In early January, law enforcement in the Seattle area shut down a popular website used by sex workers to advertise their services and by customers to review sex workers. Police also raided a number of luxury apartments in Bellevue where women were allegedly selling sex and arrested a dozen men and two women for arranging the liaisons and moderating The Review Board (TRB) website.

In a recent interview, Bellevue Police Chief Steve Mylett told me that his men, working with the King County Sheriff’s office and the FBI, had broken up a “well-organized ring promoting sex slavery.” He called the shuttered website an “anti-list of the underworld sex trafficking industry.”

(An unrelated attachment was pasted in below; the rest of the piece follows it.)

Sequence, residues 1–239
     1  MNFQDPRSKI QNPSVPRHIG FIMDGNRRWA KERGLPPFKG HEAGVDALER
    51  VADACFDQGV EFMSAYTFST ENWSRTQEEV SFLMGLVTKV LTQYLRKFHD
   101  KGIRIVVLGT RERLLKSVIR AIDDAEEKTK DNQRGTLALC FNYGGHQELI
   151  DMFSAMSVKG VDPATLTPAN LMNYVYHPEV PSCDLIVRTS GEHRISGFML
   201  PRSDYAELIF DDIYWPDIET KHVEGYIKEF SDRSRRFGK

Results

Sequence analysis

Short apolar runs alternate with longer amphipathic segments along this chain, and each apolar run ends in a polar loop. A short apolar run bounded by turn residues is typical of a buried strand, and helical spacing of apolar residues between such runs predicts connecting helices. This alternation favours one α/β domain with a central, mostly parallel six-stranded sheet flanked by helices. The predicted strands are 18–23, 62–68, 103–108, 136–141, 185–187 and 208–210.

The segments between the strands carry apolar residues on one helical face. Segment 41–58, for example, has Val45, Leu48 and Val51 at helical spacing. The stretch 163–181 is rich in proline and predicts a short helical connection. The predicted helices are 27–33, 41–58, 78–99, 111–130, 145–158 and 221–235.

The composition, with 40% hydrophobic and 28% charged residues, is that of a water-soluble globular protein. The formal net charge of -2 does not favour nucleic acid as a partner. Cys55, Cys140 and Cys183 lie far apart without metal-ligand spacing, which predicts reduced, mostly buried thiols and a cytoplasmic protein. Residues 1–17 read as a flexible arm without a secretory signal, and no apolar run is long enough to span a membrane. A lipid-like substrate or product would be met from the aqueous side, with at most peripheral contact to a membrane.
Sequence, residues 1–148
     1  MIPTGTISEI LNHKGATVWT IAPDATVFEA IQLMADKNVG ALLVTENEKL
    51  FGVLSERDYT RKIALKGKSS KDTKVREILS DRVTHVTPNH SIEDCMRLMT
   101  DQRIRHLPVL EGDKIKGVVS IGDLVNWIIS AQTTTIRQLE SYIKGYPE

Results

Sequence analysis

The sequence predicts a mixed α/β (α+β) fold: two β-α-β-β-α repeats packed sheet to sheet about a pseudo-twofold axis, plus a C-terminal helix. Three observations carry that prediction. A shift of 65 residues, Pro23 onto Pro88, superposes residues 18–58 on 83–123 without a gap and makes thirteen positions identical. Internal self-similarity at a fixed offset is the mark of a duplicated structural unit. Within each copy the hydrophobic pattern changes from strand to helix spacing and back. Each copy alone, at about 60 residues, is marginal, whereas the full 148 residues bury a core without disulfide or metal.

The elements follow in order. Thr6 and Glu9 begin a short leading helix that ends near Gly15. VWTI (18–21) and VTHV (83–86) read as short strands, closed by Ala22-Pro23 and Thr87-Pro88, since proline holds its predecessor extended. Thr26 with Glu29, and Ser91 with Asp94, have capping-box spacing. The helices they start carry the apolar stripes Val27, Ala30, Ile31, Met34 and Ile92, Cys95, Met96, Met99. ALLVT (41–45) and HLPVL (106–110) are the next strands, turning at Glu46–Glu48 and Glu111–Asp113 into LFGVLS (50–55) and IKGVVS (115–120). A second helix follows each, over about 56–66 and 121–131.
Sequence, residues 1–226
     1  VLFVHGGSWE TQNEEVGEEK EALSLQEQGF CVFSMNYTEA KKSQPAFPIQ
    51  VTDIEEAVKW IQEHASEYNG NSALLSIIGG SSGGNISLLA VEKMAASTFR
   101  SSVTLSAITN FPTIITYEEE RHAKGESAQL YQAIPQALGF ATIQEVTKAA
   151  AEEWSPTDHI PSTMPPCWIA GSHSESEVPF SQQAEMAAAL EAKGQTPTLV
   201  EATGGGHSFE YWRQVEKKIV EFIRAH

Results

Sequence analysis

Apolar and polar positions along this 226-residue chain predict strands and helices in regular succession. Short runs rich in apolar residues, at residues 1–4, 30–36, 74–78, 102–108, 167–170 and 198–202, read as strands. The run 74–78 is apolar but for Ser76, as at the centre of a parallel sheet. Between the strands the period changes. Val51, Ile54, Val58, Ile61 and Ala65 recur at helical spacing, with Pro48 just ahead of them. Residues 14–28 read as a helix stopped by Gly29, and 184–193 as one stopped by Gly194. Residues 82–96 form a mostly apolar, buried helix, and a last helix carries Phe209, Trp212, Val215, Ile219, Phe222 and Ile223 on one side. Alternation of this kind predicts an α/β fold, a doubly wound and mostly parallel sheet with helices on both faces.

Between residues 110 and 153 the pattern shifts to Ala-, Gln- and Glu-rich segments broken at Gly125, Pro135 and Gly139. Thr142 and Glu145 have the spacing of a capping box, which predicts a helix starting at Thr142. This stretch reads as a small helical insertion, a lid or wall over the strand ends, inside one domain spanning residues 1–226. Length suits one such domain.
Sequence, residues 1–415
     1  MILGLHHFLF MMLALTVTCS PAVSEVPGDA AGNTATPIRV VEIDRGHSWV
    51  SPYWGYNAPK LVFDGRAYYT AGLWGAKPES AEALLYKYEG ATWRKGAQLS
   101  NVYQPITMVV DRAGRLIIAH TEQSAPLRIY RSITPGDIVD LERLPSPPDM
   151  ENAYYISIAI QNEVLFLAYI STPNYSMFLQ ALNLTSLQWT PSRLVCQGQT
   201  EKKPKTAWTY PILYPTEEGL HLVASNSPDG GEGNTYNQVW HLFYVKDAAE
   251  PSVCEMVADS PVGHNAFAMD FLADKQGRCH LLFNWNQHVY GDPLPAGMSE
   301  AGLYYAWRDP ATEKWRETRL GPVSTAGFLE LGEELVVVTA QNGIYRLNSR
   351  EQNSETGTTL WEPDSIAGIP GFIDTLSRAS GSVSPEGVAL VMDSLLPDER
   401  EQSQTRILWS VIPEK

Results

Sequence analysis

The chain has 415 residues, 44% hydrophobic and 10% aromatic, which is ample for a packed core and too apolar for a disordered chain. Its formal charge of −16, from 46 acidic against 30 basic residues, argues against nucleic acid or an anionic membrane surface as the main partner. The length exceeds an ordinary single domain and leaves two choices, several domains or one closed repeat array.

There’s just one hitch. The women whom law enforcement said they “rescued” in this raid may not actually have been trafficked. U.S. law defines trafficking as “the recruitment, harboring, transportation, provision or obtaining of a person for labor or services through the use of force, fraud or coercion.” It’s worth noting that King County’s prosecutor did not charge any of the people arrested with trafficking, only with promoting prostitution. The women rounded up in the January 6 raid were all from South Korea, and while police say that some of them may have been doing sex work to pay off debts their families owed back home, the question remains: were these women being coerced or forced into sex work?

I’ll get to that in a moment, but a larger question looms: is shutting down websites and arresting customers the most effective approach to curbing sexual exploitation and helping sex workers who may or may not want to get out of the life? Sex work advocates certainly don’t think so.